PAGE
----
The use of sensitive personal information by insurance companies to execute underwriting decisions is expanding to include consumer marketing data. An investigation by The Wall Street Journal revealed a remarkable proliferation of the use of consumer-marketing data to create a “predictive modeling” system for insurance applicants.

With an inside view of Deloitte Consulting LLP’s new consumer assessment technology for life insurance companies, the Wall Street Journal reports that Deloitte designed predictive modeling software that uses data such as personal and family medical histories, as detailed on written insurance application forms, to categorize people into various risk categories.

Deloitte’s software also has access to industry-shared information from past insurance applications and motor-vehicle reports. Furthermore, the Deloitte software also uses consumer-level marketing data from Equifax Inc.’s marketing-services unit, since acquired by Alliance Data Systems Corp. The consumer files contained hundreds of data points on each person catalogued, including attributes applied to each individual, such as hobbies, TV-viewing habits, and income estimates. In Deloitte’s final predictive model, the nontraditional consumer-marketing data represented about 37% of the predictive ability, it says.

Life insurance provider Aviva and Deloitte judged the test largely successful. “The use of third-party data was persuasive across the board in all cases,” said John Currier, chief actuary for Aviva USA.

Read more about the use consumer assessment technology to predict and categorize risky insurance applicants and policyholders in the report, “Inside Deloitte’s Life Insurance Assessment Technology“.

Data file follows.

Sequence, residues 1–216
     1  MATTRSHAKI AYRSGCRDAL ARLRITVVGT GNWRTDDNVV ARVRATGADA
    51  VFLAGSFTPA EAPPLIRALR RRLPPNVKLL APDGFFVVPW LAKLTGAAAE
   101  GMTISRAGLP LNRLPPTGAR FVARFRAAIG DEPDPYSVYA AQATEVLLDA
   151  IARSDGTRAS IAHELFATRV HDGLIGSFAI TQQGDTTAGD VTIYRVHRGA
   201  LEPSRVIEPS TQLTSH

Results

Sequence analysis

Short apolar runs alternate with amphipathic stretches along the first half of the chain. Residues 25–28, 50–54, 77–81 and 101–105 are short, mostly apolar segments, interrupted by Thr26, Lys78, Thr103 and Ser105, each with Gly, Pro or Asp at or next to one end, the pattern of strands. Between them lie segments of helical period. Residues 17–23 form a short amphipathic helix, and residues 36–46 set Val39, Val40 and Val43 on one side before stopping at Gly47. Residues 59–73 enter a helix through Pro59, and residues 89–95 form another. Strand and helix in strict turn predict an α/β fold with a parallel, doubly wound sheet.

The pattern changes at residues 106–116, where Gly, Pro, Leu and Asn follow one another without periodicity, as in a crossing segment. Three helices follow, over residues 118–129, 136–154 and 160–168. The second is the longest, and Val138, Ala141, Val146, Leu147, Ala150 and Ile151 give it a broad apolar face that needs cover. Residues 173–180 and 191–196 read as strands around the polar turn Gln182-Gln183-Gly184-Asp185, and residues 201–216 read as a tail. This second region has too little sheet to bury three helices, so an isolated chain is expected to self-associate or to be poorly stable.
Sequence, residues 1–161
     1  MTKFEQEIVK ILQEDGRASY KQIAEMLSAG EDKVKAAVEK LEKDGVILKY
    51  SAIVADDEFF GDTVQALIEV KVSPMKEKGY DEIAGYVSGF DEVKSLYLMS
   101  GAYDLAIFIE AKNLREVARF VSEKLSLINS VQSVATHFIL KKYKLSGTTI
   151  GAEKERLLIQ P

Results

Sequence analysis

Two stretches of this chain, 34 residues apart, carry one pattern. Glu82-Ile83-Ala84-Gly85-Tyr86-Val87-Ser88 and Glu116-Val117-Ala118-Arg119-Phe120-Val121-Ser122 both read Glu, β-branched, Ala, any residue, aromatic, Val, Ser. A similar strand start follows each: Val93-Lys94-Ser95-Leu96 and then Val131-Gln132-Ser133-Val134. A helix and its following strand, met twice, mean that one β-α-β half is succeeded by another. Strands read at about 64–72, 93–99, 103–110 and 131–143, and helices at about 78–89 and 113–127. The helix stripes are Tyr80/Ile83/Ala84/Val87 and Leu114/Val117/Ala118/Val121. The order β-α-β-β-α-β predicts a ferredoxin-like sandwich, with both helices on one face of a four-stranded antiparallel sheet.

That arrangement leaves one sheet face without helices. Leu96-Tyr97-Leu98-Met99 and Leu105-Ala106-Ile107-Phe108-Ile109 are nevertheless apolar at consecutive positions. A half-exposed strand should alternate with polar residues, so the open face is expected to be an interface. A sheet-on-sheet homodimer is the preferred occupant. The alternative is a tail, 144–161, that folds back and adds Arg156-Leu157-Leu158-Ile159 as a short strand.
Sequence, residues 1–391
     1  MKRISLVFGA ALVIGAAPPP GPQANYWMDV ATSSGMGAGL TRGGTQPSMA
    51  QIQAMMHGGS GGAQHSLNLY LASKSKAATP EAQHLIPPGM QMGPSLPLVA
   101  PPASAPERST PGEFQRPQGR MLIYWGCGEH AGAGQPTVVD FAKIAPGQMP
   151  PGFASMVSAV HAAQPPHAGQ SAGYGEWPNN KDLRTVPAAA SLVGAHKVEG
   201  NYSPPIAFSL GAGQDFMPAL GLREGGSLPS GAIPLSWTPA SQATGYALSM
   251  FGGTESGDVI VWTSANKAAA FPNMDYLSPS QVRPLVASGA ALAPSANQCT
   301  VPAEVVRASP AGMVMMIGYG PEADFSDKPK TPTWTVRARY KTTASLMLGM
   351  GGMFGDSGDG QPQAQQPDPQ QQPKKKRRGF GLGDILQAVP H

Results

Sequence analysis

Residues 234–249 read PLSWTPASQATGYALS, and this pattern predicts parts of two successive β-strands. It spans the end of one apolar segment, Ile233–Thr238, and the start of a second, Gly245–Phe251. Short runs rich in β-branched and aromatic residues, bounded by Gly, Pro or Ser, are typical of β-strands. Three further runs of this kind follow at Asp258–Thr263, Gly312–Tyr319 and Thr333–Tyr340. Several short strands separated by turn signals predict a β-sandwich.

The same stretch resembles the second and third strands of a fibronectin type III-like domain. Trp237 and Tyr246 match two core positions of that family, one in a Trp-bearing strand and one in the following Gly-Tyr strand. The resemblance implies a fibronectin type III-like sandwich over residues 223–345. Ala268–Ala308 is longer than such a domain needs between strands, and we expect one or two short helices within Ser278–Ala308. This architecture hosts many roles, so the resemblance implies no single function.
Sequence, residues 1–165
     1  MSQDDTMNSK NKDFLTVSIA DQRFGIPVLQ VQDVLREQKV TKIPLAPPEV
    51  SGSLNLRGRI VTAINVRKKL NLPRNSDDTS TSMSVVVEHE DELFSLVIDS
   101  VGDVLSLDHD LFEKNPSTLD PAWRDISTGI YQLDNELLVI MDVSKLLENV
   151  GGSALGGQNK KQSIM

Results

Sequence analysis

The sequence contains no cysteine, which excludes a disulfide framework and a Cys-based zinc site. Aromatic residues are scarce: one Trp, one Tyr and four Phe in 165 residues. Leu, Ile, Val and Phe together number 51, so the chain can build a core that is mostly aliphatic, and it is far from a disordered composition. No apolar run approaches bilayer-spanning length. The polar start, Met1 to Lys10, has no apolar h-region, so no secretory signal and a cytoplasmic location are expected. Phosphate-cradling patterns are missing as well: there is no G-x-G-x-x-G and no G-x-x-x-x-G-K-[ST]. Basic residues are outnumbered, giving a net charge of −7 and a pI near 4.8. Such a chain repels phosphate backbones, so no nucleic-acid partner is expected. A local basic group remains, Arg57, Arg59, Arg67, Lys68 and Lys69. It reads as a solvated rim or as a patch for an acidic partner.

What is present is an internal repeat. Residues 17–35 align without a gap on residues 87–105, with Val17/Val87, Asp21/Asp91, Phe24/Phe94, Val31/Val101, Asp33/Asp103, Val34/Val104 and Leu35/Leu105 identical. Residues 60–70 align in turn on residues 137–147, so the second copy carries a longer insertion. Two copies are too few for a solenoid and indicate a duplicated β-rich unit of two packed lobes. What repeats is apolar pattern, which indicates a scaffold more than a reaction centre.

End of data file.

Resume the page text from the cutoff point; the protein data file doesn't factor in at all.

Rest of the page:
Inside Deloitte’s Life-Insurance Assessment Technology
By Leslie Scism and Mark Maremont
November 19, 2010

Deloitte Consulting LLP’s effort to persuade life insurers that marketing data can size up people’s longevity faces an obstacle: How to know if the method works, when the proof – policyholder deaths – is years away?

So the company developed a test involving 60,000 insurance applicants at the U.S. arm of British insurer Aviva PLC. Deloitte detailed the findings this spring at an industry seminar.

Here’s how the test worked. Aviva used traditional underwriting methods—including costly blood and urine tests—to assess the 60,000 applicants. Aviva sorted those people into various risk categories. In addition, some of the individuals had been declined a policy.

Deloitte then took the 60,000 cases and tried to replicate Aviva’s traditional underwriting decisions with a new methodology not reliant on blood work.

First, it divided the 60,000 into two equal groups. (Names were withheld.) For the first 30,000, it studied the traditional underwriting decisions and set out to build a data-only “predictive model” that could reach similar conclusions.

Its model didn’t use the blood and urine tests. It would be designed to use data such as personal and family medical histories, as detailed on written insurance-application forms. Deloitte’s team also had access to industry-shared information from past insurance applications and motor-vehicle reports. On top of that, it used the consumer-marketing data.

The consumer data came from Equifax Inc.’s marketing-services unit, since acquired by Alliance Data Systems Corp. The data noted which of hundreds of attributes applied to each individual—likely hobbies, TV-viewing habits, income estimates.

In Deloitte’s final predictive model, the nontraditional consumer-marketing data represented about 37% of the predictive ability, it says.

Then came the real test: Running the predictive model on the second batch of 30,000 applicants, to see if it could accurately replicate the underwriters’ original assessments. Aviva and Deloitte judged the test largely successful. “The use of third-party data was persuasive across the board in all cases,” said John Currier, chief actuary for Aviva USA.

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